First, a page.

Permanent's Southern Sixer

Professor of Anthropology and of Middle Eastern, South Asian, and African Studies at Columbia University, Partha Chatterjee's The Black Hole of Empire: History of a Global Practice of Power follows the ever-changing representations of this historical event and founding myth of the British Empire in India, from the eighteenth century to the present. Partha Chatterjee explores how a supposed tragedy paved the ideological foundations for the “civilizing” force of British imperial rule and territorial control in India.

When Siraj, the ruler of Bengal, overran the British settlement of Calcutta in 1756, he allegedly jailed 146 European prisoners overnight in a cramped prison. Of the group, 123 died of suffocation. While this episode was never independently confirmed, the story of “the black hole of Calcutta” was widely circulated and seen by the British public as an atrocity committed by savage colonial subjects.

Chatterjee takes a close look at the justifications of modern empire by liberal thinkers, international lawyers, and conservative traditionalists, and examines the intellectual and political responses of the colonized, including those of Bengali nationalists. The two sides of empire's entwined history are brought together in the story of the Black Hole memorial: set up in Calcutta in 1760, demolished in 1821, restored by Lord Curzon in 1902, and removed in 1940 to a neglected churchyard.

Challenging conventional truisms of imperial history, nationalist scholarship, and liberal visions of globalization, Chatterjee argues that empire is a necessary and continuing part of the history of the modern state.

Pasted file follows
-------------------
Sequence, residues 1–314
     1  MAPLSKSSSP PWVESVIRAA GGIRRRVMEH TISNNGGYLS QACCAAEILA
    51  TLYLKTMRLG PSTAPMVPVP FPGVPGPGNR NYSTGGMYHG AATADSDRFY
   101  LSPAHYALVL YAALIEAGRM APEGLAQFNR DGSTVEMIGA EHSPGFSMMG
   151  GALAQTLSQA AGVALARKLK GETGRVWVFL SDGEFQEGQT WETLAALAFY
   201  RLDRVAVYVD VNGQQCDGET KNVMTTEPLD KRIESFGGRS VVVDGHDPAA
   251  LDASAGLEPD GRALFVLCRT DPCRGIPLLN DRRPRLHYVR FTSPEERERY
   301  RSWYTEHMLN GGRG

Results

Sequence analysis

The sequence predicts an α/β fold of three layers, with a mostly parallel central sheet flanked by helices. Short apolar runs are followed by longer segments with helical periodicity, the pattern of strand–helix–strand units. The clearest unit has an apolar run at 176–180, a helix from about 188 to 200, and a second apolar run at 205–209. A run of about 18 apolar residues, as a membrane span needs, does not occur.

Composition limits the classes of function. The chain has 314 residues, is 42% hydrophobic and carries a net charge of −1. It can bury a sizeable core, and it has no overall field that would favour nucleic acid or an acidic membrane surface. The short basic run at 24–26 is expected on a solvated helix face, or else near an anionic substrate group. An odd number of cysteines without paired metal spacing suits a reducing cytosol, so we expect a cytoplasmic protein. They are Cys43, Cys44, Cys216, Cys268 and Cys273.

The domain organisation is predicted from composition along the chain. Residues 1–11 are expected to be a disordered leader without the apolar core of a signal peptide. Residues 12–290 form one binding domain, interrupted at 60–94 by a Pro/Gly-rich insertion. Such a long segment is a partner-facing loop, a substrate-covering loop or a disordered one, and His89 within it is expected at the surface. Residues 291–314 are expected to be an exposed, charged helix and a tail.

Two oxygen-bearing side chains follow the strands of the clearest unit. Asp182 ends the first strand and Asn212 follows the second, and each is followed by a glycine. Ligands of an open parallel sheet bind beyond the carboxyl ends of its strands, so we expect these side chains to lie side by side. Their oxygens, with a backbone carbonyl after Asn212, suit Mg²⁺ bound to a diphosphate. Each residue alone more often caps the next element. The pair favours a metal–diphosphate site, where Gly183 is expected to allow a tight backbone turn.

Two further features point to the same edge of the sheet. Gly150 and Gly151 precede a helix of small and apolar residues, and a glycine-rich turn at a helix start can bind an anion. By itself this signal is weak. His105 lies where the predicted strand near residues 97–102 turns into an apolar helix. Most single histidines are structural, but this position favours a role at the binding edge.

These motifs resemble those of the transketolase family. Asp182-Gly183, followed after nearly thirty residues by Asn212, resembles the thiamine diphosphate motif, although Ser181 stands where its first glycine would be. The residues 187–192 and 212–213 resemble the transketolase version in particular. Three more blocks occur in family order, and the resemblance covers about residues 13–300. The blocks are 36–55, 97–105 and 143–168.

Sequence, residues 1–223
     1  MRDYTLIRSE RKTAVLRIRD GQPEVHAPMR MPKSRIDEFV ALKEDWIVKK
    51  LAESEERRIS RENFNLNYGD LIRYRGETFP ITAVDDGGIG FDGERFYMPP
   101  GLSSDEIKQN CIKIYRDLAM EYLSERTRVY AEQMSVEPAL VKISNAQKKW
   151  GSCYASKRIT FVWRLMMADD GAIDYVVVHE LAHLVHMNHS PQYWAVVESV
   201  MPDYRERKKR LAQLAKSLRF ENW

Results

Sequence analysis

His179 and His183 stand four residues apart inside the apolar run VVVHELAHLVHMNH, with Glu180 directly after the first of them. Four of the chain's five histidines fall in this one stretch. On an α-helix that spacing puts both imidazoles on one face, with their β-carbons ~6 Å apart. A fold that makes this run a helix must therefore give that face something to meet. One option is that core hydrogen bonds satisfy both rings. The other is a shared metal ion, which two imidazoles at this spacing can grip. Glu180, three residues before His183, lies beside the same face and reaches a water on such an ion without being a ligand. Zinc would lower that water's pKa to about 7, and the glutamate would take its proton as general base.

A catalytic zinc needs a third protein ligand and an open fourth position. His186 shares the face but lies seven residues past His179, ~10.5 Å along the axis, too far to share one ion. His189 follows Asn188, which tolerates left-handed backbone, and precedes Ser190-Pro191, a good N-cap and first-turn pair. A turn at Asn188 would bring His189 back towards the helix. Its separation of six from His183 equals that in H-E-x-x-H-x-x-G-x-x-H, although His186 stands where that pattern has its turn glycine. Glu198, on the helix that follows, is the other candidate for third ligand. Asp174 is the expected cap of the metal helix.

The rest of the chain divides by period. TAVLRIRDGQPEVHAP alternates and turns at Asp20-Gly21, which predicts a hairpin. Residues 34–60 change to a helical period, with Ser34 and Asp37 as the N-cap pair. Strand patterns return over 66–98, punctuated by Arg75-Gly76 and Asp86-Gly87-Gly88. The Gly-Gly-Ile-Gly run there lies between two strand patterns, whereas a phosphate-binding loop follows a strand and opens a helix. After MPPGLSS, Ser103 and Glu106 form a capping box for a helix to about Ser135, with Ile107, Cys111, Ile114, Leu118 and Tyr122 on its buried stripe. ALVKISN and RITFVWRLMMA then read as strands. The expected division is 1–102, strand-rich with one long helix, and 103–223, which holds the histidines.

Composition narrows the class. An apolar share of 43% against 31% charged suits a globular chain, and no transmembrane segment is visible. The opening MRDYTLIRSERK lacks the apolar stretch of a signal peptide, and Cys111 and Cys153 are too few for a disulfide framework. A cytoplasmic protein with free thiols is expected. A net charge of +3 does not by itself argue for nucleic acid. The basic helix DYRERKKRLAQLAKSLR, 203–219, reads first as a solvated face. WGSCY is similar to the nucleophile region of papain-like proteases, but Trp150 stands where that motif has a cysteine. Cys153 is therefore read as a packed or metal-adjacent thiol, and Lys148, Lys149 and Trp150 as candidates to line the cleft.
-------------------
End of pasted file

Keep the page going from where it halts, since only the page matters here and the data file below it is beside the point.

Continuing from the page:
In hardcover,  440 pages,  Rs 795.  ISBN 81-7824-356-3
Assistant Professor of History at Carnegie Mellon University, Nico Slate's  Colored Cosmopolitanism: The Shared Struggle for Freedom in the  United States and India is the first detailed examination of both ends of this transnational encounter. Nico Slate tells the stories of neglected historical figures, like the “Eurasian” scholar Cedric Dover, and offers a stunning glimpse of people we thought we knew. Prominent figures such as Mahatma Gandhi, Jawaharlal Nehru, Swami Vivekananda, Booker T. Washington, W.E.B. Du Bois, and Martin Luther King, Jr., emerge as never before seen. Slate reveals the full gamut of this exchange—from selective appropriations, to blatant misunderstandings, to a profound empathy—as African Americans and South Asians sought a united front against racism, imperialism, and other forms of oppression.

A hidden history connects India and the United States, the world’s two largest democracies. From the late nineteenth century through the 1960s, activists worked across borders of race and nation to push both countries toward achieving their democratic principles. At the heart of this shared struggle, African Americans and Indians forged bonds ranging from statements of sympathy to coordinated acts of solidarity. Within these two groups, certain activists developed a colored cosmopolitanism, a vision of the world that transcended traditional racial distinctions. These men and women agitated for the freedom of the “colored world,” even while challenging the meanings of both color and freedom.

In hardcover,  344 pages, Rs 750.  ISBN 81-7824-353-9

Associate professor of South Asian religions at McGill University Davesh Soneji's  Unfinished Gestures: Devadasis, Memory, and Modernity in South India presents the social and cultural history of courtesans in South India who are generally called devadasis, focusing on their encounters with colonial modernity in the nineteenth and early twentieth centuries. Following a hundred years of vociferous social reform, including a 1947 law that criminalized their lifestyles, the women in devadasi communities contend with severe social stigma and economic and cultural disenfranchisement. Adroitly combining ethnographic fieldwork with historical research, Davesh Soneji provides a comprehensive portrait of these marginalized women and unsettles received ideas about relations among them, the aesthetic roots of their performances, and the political efficacy of social reform in their communities.